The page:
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HIS PENALTY FOR FAILURE.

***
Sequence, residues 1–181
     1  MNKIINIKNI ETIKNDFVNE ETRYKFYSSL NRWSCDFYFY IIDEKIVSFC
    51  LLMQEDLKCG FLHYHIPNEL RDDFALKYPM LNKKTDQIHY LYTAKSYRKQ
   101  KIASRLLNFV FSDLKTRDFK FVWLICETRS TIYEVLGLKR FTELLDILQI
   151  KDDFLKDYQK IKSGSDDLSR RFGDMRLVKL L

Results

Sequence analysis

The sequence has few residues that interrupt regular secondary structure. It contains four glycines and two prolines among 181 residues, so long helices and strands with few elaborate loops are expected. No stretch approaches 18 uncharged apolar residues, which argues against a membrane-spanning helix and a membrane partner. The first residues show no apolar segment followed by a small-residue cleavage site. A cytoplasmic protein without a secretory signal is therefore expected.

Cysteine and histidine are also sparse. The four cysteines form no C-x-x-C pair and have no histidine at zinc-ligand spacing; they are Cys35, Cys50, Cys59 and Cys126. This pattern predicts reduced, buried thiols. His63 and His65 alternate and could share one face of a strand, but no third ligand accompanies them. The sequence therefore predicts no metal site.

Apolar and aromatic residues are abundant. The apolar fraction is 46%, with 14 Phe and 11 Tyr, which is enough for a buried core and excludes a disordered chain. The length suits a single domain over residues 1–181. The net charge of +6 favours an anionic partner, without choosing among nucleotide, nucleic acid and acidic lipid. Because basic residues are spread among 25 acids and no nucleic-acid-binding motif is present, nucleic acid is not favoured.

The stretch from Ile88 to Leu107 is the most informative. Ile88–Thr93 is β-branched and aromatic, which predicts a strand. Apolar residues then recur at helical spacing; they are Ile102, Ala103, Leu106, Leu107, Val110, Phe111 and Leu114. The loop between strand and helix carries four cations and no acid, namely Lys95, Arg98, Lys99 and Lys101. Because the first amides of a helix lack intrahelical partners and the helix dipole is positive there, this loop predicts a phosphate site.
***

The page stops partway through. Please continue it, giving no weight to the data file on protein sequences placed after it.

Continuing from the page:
The Atonement of Blood—How It Wat Consummated and How the Vengeance of the Victors Was Sat isfied—Coolness of the Unfortunat* Prince. Mo more tragic Incident la recorded |D history than the execution of Maxi milian Half a century ago a younger fjirother of the Emperor Francis Joseph Iras sent to rule Mexico. Together with Ills wife, he sat upon the frail throne, «vt*n then tottering. How be failed Is another story, but when he was taken prisoner he prepared himself for death the red death of war. In a volume written some years ago Ifajor John N. Edwards pictures graph ically the closing hours of the tall. Handsome prince who would be king as follows: The morning broke fair and white In the sky, and at 6:30 o'clock three cer clages drew up in front of the main «ate of the convent of Capuchins. The bells rang In all the steeples, there Were soldiers everywhere, and long lines of glittering steel that rose and fell In yet the soft, sweet hush of the morning. In the first carriage got Maximilian and Father Soria, a priest In the sec ond carriage there came Miramon and |kls priest, In the third Mejia and his. Then the solemn cortege started. AH the people were In the street On the faces of the multitude there were •vldences of genuine and unaffected sorrow. Some among the crowd lifted their hats as the victims passed along, tome turned away their heads and Wept, and some, even among the sol diers and amid the hostile ranks of the Liberals, fell upon their knees and wept The place of surrender was to be the place of execution. Northwest of the city a mile or more the Hill of the Bells EI Cerro de las Campanas) up reared Itself. It was inclosed on three •Ides by 0,000 Boldiers of all arms, leav ing the rear or uncovered side resting upon a wall. It was 7:80 o'clock when the car riages baited at the place of execution. Haximilian was the first to alight. Ho •tepped proudly down, took a handker chief from his pocket and his hat from bis head and beckoned for one of his Mexican servants to approach. The man cume. "Take these," the emperor said ••They are all I have to give." The faithful Indian took them, kissed them, cried over them, fell upon his knees a few moments In prayer to the food God for the good master and arose a hero. In front of the dead wall three cross es bad been firmly embedded In the ground. On each side was a placard bearing the name of the victim to be Immolated there. That upon the right was where the emperor was to be shot, that In the center was Miramon, that upon the left for the grim old stoic and lighter Mejia. Maximilian walked firmly to his place. The three men embraced each other three times. To Mejia he said: "We will meet in heaven.'" Mejia bowed, smiled and laid his band upon his heart To Miramon he said: "Brave men are respected by sorer •lgus. Permit me to give you the place of honor." As he said this be took Miramon gen tly by the arm and led him to the cen ter cross, embracing him for the last time. Escobedo was not on the ground. An ald-de-camp, however, brought permis sion for each of the victims to deliver a farewell address. The emperor spoke briefly. Miramon drew from his pocket a small piece of paper and read. When Miramon had ceased reading Maximilian placed his hand on his breast, threw up his head and cried in a slnguarly calm and penetrating Toice, "Fire!" RED DEATH OF WAR TKAQIC PATE tP MAXIMILIAN AT THE HANDS IF MEXICANS Eighteen muskets were discharged as ©ne musket Mejia and Miramon died Instantly. Four bullets struck the em peror, three in the left and one in the right breast Three of these bullets passed entirely through his body, com ing out high up on the left shoulder the other remained embedded in the right lung. The emperor fell a little Sideways and upon his right side, ex Claiming almost gently and sadly: "Oh, hombre, hombrel Oh. man! Oh, Kan!" He was not yet dead. A soldier went tip close to him and fired into bis Stomach. The emperor moved slightly as if still sensible to pain. Another came out of the firing party and, put ting the muzzle of his musket up close to bis breast, shot him fairly through the heart The tragedy was ended. Mexican vengeance was satisfied: the souJ of the unfortunate prince was with its God, and until the Judgment day the blood of one who was too young and too gentle to die will cry out from Uu* ground even as the blood of Abel. Sugar a* Food. W1tb the temperature 62 below sero phackleton and his men. In their ant arctic exploration, iu marching took two or three lumps of sugar encb every two hours. Within ten minutes of eat 'fog thaw they could feel the heat ltm uirutitfii Ttieir Unities. to- Life Hi not Jest and Mfnnsement: ilfe ts not even enjoyment Life Is hard labor.-Turgenev. Roquefort Sheep. The milk of a staple Hoquefort sheep will in a year provide from thirty to forty pounds of cheese. In that dls trict of France there are about 8.00M sheep devoted to the cheese Industry A Born Orator. "8enator Wombat is considerable of an orator. 1 take it?" "Oh, yes. He waxes eloquent In bor rowing matcn IMft^lnirirh Pout UNDER A FLAG OF TRUCE.' A Reunion and a Compact Between the Blue and the Gray. My father was a private In the Twenty-sixth Miehlgau and often told the following story, although 1 was never wise enough to make a note of the date or the name of the engage ment. There can be no doubt, how ever, of the substantial accuracy of the tale. There had been fighting, but a flag of truce had passed from the Con federate to the Union lines, and tiring was suspended. The lines were close together and both behind cover. As the white flag passed out of sight to ward headquarters the lines simply flowed together, meeting in the vacant space between. Officers on both sides tried to prevent it. but their efforts were fruitless. Little groups formed here and here and began to barter. The grays bad tobacco, and the bines had coffee and a little sugar, and trade was lively for a time Then they fell to discussing other things, and to understand their conversation it ought to be explained that the prac tice of firing on a picket line was re garded by these soldiers, hardened though they were by the awful sights of a dozen bloody fields, as little bet ter than murder. Said a gray: "Why do you fellows fire on picket?" Blue—Why do you fire on picket? Gray Well, we don't, only when that old Colonel B. from North Caro lina is officer of the day: then we have to. He makes us do It But I tell you. Yank, we'll shoot high! Yes. Yank, we'll shoot high! The flag of truce came back the negotiations had failed. The lines re formed, and firing began again. Once more poor humanity referred to the rifle and bayonet the questions it could settle In no other way. But who can doubt that in the hearts of all who witnessed the dramatic scene there waB less bitterness than before the truce? Theirs was no vulgar, sordid quarrel no bitter, personal vendetta. Each side was pledged to the support of antagonistic principles, to maintain which they had staked their lives, but they had no quarrel with their op ponents as men.—Youth's Companion. Stage Bells. "Parsifal" is interesting, quite apart from its artistic merit, as having had a musical instrument invented for it and named after it The reproduction of the sound of church bells In opera was long a difficulty. Real bells sim ply drowned the orchestra, and all substitutes were tried in vain until Dr. Motl designed the Parsifal bell instrument somewhat on the principle of the grand piano. Each of its five notes has six strings, which are struck by large hammers covered with cot ton wool. And the result is as near to the solemn sound of church bells as the theater has been able to get.—Bos ton Herald. Pis Season#. Really there are two pie seasons—one when the blackberries, raspberries and blueberries are ripe and when appies are green and the other when the frost is on the pumpkin. The pies of the In between times are as lead to gold to the pies of other times. No pie except the pumpkin pie is a pie at all unless the Juice runs from between the cov ers, the Juice of ripened fruit charged with sun and dew. Custom makes us eat pie last It Is a hard rule, deemed only by the anticipation which helps us to go through the preliminary sta ples, glad in the thought of the delect able to come.—Chicago Post First to "Put His Foot In It." It-Was a bishop of olden times who first "put his foot in It," and ever since then the most ordinary layman who makes a blunder is said to "put liis foot in It" It wasn't the bishop's fault after all, but the housewives who ran to doors and windows every time the good bishop passed and asked for his bless ing and while getting It they let the porridge burn. Then they blamed the bishop for the trouble and said "the bishop put his foot in it"—Milwaukee Journal. Easily 8ettt«(l. "Pa. the doctor at the hospital said that he would have to have a lot of cuticle to cure Mamie's burns." "Well, tell him to telephone to the nearest druggist for all he wants and charge It la the MIL"—Baltimore Amer lean. OUR EARLY FLAGS Colonial Emblems That Led Up to the Stars and Stripes. THE STORY OF OLD GLORY. Twloe Has the Design Been Changed 8ince the Official Adoption of Our Firat Flag In 1777—The Stars the Distinotive Feature of Our Banner. The American flag is a growth rather than a creation. Its history can be traced back to the twelfth century, or nearly 600 years prior to the first "flag day," June 14, 1777. During the first crusade in 1195 Pope Urban II. assigned to all of the Christian nations as standards crosses varying in color and design, emblem atic of the warfare in which they were engaged. To the Scotch troops was assigned the white saltire, known as the white cross of St Andrew, on a blue field. The British used a yellow cross, but a century and a quarter later they adopted a red cross on a white field, known as the red cross of St Georga When James VI. of Scotland ascend ed the throne of England as James I. he combined the two flags and issued a proclamation requiring all ships to carry the new flag at their mainmasts. At the same time the vessels of south Britain were to carry at their fore masts the red cross of St. George and the ships of north Britain to carry the white cross of St Andrew. The new flag was known as "king colors," the "union colors," of the "great union" and later as the "union Jack" and was the one under which the British made ail their permanent settlements In America. The people in the New England colo nies were bitterly opposed to the cross in the flag. In 1635 some of the troops in Massachusetts declined to march under this flag, and the military com missioners were forced to design other flags for their troops with the cross left out The design they adopted has not been preserved. In 1052 a mint was established in Boston. Money coined in this mint had the pine tree stamped on one side of it. The pine tree design was also used on New England flags, certainly by 1704 and possibly as early as 1635. At the outbreak of the Revolution the American colonies had no flag com mon to all of them. In many cases the merchant marine flag of England was used with the pine tree substituted for the union jack. Massachusetts adopt ed the green pine tree on a white field with the motto. "An Appeal to Heaven." Some of the southern states had the rattlesnake flag with the mot to "Don't Tread on Me" on a white or yellow field. This flag had been used by South Carolina as early as 1764. In September, 1775, there was dis played in the south what is by many believed to be the first distinctively American flag. It was blue with a white crescent and matched the dress of the troops, who wore caps inscrib ed "Liberty or Death." The colonists desired to adopt a com mon flag, but they had not yet declared independence and were not at first seeking independence. They took the British flag as they knew it and made a new colonial flag by dividing the red field with white stripes into thirteen al ternate red and white stripes. This is known as the Cambridge flag, because it was first unfurled over Washington's headquarters at Cambridge, Mass., on Jan. 1,1776. It complied with the law of 1707 by having the union jack on it it also represented the thirteen col onies by the thirteen stripes. As the colonists gradually became converted to the idea that independ ence from the mother country was nec essary they began to modify the flag, first by leaving off the union jack and using only the thirteen horizontal stripes. The modified flags were not al ways red and white, but regularly con sisted of combinations of two colors selected from red, white, blue and yel low. The final modification was the re placement of the union Jack by the white stars on a blue field. The stars are the only distinctive fea ture of the American flag. The charm ing story which credits Betsy Ross with making the first flag of stars and stripes is still accepted by historians. When Washington suggested the six pointed star she demonstrated the ease with which a five pointed star could be made by folding a piece of paper and producing one with a single clip of the scissors. The official adoption of our first flag was in 1777. On June 14 of that year the Continental congress passed an act providing that "the flag of the thirteen United States be thirteen stripes, alternute red and white that the Union be thirteen stars, white on a blue field, representing a new constellation." The thirteen stars were arranged in ..a circle to symbolize the perpetuity of the union of the states Vermont was admitted to the Union In 1791, and Kentucky in 1792. It was felt that these two new states ought to be recognized on the flag, so In 1794 congress passed an act making the flag fifteen stars and fifteen stripes. This remained the flag of the United States throughout the war of 1812, un til there were twenty states in the Union. In 1816 an effort was again made to modify the flag so that all the new states would be represented on It To be continually adding stripes would make the flag very awkward in shape and appearance, so after arguing the matter for two years congress decideV to return to the original thirteen strlpeij and one star l'or each state* THE BUTLER, COUNTY PUKSS. VOL. XIV. HO. 25. HAMILTON, OHIO, FRIDAY, OCTOBER 2, 1914 $1.00 PER TSAR FOR TRADE UNIONS. "If 8 an insane idea not to rec ognize labor unions," said John 'I Wanamaker befon# the United *t* V States commission on industrial *.* relations at Philadelphia. "John I', D. Rockefeller, Jr., made a great mistake when be forced Presi dent Wilson to send troops into .. Colorado. 1 may be mistaken In this, but that is the way 1 feel ah*ut it. I* "1 believe that labor and capl- *jj tal have the right to organize. «li» On the one side, capital, there is responsibility, and on the other, labor, there is none. There you stop. The missing links 1 be- v ,'y lieve to be prejudice and misun- V, derstanding. which must be v .. overcome. One of the ways to wipe out this prejudice and mis understanding is to unhitch la bor unions from political par- 'J ties." «l» 4» 4 TTTTTTTTTTTTTTTTTTTTTTTTTT THE LABOR MOVEMENT. Eternal Vigilance Needed to Make It Completely Successful. There are a number of things that constitute the price of success in the labor movement, all of which are sug gested by common sense and which may be easily done. Among these is the purchase of union made goods. This may not in many cases directly benefit you or your craft, and for that reason many union people are not care ful about it. but it never fails to help the cause as a whole and thus help all indirectly Another thing of impor tance is the prompt and punctual at tendance at union meetings, especially meetings for the discussion of ques tions affecting the Interests of union labor. Men in other callings never fail to attach great importance to such conferences, and as a result they reap the rich reward. The men who suc ceed In climbiug up over our heads never fail to keep in close touch with politics, and they watch and endeavor to influence all legislation bearing upon their interests. All union institutions, especially the labor press, ought to be liberally and constantly sustained. Look at the numbers, wealth and wide circulation of the publications that are not friend ly to the cause of labor. We spend thousands, yes millions, to make them rich and powerful, while we often fall to pay the price to our own publica tions. What ca» we expect of the harvest? END OF LONG FIGHT. Photo-Engravers Settle Dispute of Six teen Years' Standing. President Woll of the International Photo-engravers' union has announced that all differences between the Gill Engraving company of New York city and his organization are at an end. as the company has signed an agreement with the union that will run for three years. Union conditions are to prevail in the Gill plant, and the company has been granted the use of the photo-en gravers' label. It is further agreed that all litiga tion between the parties will be drop ped. This marks the end of a sixteen years' industrial conflict which has been given prominence the past few months because of attempts to prose cute the pboto-engravers and the New York Allied Printing Trades council nnder the Shermau anti-trust law. The photo-engravers have forward ed a letter to President Gompers thanking him and his associate otiicers of the American Federation of Labor for the assistance given them in their recent difficulties. New York's First Pensioner. Mrs. Sadie L. Alt hen of 63 West Nlnet.v-first street. New York city, has the distinction of being the first bene ficiary in New York state of the provi sions of the workmen's compensation law. Mrs. Althen was awarded $30 a month for her own maintenance and $10 a month for the support of her four-year-old daughter, Ruth. Mrs. Althen's husband, Curtis W. Althen, a carpenter, was killed by fall ing from a building on July 1. Mrs. Althen is twenty four years old. She will continue to enjoy her compensa tion as the law provides until she re marries or dies. New Union Formed. The electrical workers of Boston have formed their eighth union in that city bv organizing workers em ployed in the contract commercial, complaints, adjustment and other de partments of the New England Tele phone and Telegraph company. The local started with a membership of nearly 200 and is the third composed wholly of telephone employees. Law Compensation Premiums. The New York compensation commis sion. which will have in charge the new workmen's compensation act. has made a rate of $5 for six months' Insurance for the thousands ot small employers who have heretofore carried no in surance. The minimum rate formerly fhurged by private insurance com panies was $25 for the same length of time. Shake! it's great to'say "Oood morning." lt'e fine to say "Hello," But better stili to grasp the hand Of a loyal friend you Know. A look may be forgotten. A word misunderstood, But the touch of ttie human hand la the pledge of Brotherhood. —lautfua iXwaii^Book AN OBJECT LESSON. "Efficiency" Plan of Driving Toilers to Greater Effort. The following is a paragraph taken from the handbook of Frederick Tay lor, the original efficiency man, which he issues to manufacturers, as part of the formula in carrying out bis effi ciency ideas: 'For the success of tills system the Bumber of men employed on practical ly the same class of work should be large enough for the workmen quite often to have the object lesson of see ing men laid off and others substituted in their places." In other words, this great efficiency expert makes it plain that one of the main essentials of his philosophy de pends upon the necessity for the fre quent discharge of employees as "ob ject lessons" to the other employees. There is no difference, except in form, between that requirement and the one which calls for the overseer of slave days to beat up a slave every now and then as object lessons to the other slaves. The mainspring of Taylor's system demands the frequent sacrifice of workers in every shop, whether de served or not, and in order to increase the output of others, and the dividends of the employer, and if any one thinks that Taylor is thinking of any one ex cept the employer when he is thinking efficiency the following caution to em ployees from the same book should dispel such a notion. It says. "All em ployees should bear in mind that each shop exists first, last and all the time for the purpose of paying dividends to its owner." In other words, accord ing to these perverted ideas, human beings are only on earth to pile up div ldends.—Lather. UNION SUES FOR DAMAGES. Carpenters Want Reimbursement Loss by Injunction. suit by the Carpenters' unioi' against a group of companies describee as a "lumber trust" has been tiled in Chicago. The suit was the result ot the action of Circuit Judge Heard i) dissolving an injunction which for tw years restrained the United Brother hood of Carpenters and Joiners from picketing and other action in its strike against the Anderson & Lind Manufac turing company. The damages were asked to cover at torney's fees, court expenses, salaries of officers, loss of time for union mem bers and reimbursement for the alleged loss of contracts during the term of the injunction. The list of defendants included the Anderson & Lind Manufacturing com pany, Chicago Payne Lumber cornpa ny, Oshkosh, Wis. the McMillen Lum ber company. Racine, Wis., and other "firms and corporations to be named later." •t'» »'I' -I' 1 'I- A SIMPLE TRUTH. .. i'* »j* In organization on trade union lines there are strength and a common endeavor to improve in ,1 dustrial conditions, to make life worth while living and to make V, the home more comfortable and 4. happier. Jn organization the V* desire for more education is de- 3. veloped and fostered by debate .» in an open forum. Legislative en actments in the interest of labor are scrutinized, followed by ap proval or disapproval. Cigar makers' Journal. »fr »I« 't» 'I' »fr 'I' '1' Oppose Mine "Patrol System. The general grievance committee of Lackawanna company miners affiliated with the United Mine Workers of America at a meeting in West Scranton voted unanimously In favor of a strike of all Lackawanna employees unless the company officials recede from their position in Insisting on the establish ing of a patrol system in the mines. The patrol consists of several men rep resenting the company, whose business Is to direct employees how to safe guard themselves while at work. The miners object to taking orders from the patrolmen, whom they call spies The system was suggested by Chiet Roderick, of the state bureau of mines. A Record Street Car Strike. The six months' street car strike at Hazleton, Pa., is worrying bondholders because the Lehigh Traction company has suspended payment on bonds be cause of the strike. A committee has been appointed to investigate the prop erty, and it is said that action will be taken to bring the matter before the state public service commission or the courts. The street car men struck be cause their officers were discharged for union affiliation, and up to the pres ent time the company has rejected aM peace overtures. I OF INTEREST TO LABOR. Maine unionists are urging a wort men's compensation law. Policemen in San Francisco nov have one day off a week. Great Britain's Miners' federation represents 800.000 organized workers In St Louis, Mo., among 7.000 gar ment workers 24 to 30 per cent sufft from neurasthenia. Steamfltters of New York city ba^» finally decided to amalgamate with ttc United Association of Plumbers an Steam fitters. v Machinist" employed by the Chicago and Eastern Illinois railroad have formed a new district. This action was necessary owing to the separation of the C. and E 1 from the Frisco sys tem LURE OF THE LIZARD. Many Ships Sight and Pass ii The the Fa mous Headland Daily. If the Lizard (Lizard point, Corn wall, England) could see as one-half believes It cau from that one piercing eye, Cyclops-iike, in its forehead, what sights it could report—Phoenician and Roman galleys the ships of Hawkins. Drake, Frobisher and Raleigh the Mayflower alter its final release from detention at Southampton, Dartmouth and Plymouth the broken winged ar mada and the Titanic on that first voyage, so confidently and cheerfully begun, which, ending in the unfore seen Ice, was also its last All the ships of the famous lines be tween American and English and Eu ropean ports come within a mile or two of it, eastbound and westbouud. those of the North German Lloyd, the Atlantic Transport, the White Star and the Red Star, the Canadian branch of the Cunard, the Holland-America, the Hamburg-American and the American, most of them making their passage so punctually that you know to an hour when to look for them. Just beyond the light is Lloyd's sig nal station, and ciose to that a Mar coni station, subsidiary to the most powerful of all. that at Puklhu. to the west, where the swish, sparkle- and crackle of the four high latticed tow ers can U* heard at a but a mile. The For distance of all Man's ingenuity and benevolence have turned the dreaded headland from a menace into a disnensarv of 10 rr r' 0 ilil EijI u Cor. Front and Hieti Sts. Merchants' Dinner Lunch 3 Served every Day 4 I Lunch Counter Connected I 1 saieguar«i». 1 hiring fogs two horfts. each with a mouth six feet in diameter, blare across the cloaked channel, und a submarine bell at the foot of tbe cliffs tolls its number within a range of sixteen miles to every listening ves* sel provided with a receiver. Both light and sound have vagaries in fogs, however. If we can believe the maa^ ters of ships which have come to grief on and near the Lizard there are times when the ir.000.000 candlepower of the lighthouse is invisible, and the bel lowing of these euormous trumpets In audible.—William H. Rideing In Scrlb ner's. Favor Minimum Wage. The Detroit Federation of Labor will circulate petitions asking that the peo ple be given a chance to vote on the question of a minimum wage for mu nicipal workers when the charter amendments are submitted. The pro posed bill provides that contractors vio lating the law may be punished by a fine of $50 to $300 for each offense, or '•ja to thirty days in Jail. What a System I Holbrock Bros. Reliable Dealers in Dry Goods, Carpets, Cloaks, Queenswar* Millinery. BL©us# Furnishings Toss-Holbreck Stamps with al: -dzh Purchases Meet him at What a system anyway! Some must work for little pay Others have no work to do And are in a pretty st^w Some don't have to work at all. And on servants they fan call Some have everything to eat And a house on Easy street Others live in shabby shacks And ha»-e mgrs upon their hacks Some must worry, fret and strive Just to keep themselves alive. To exist from day to day What a system anvwrv1 TRY H. Jones Service Cisinfeelers Used by all the leading Cafes and Business Houses in the city No Bad Odors and Perfect San itation at All Times i 338 East 5th St. CINCINNATI, BHIB Just Bear In Mind The Ohio Union Bottled Beer When you want a good Beer, all who have drank it are delighted. Nothing but hops and Mall ot Quality are used in making our Zunt=Heit, Special Brew and Tannhauser £SoId by all Leading Cafes In Hamilton Ohio Union Brewing Co. Cincinnati, Ohio READ THE PRESS Co. HI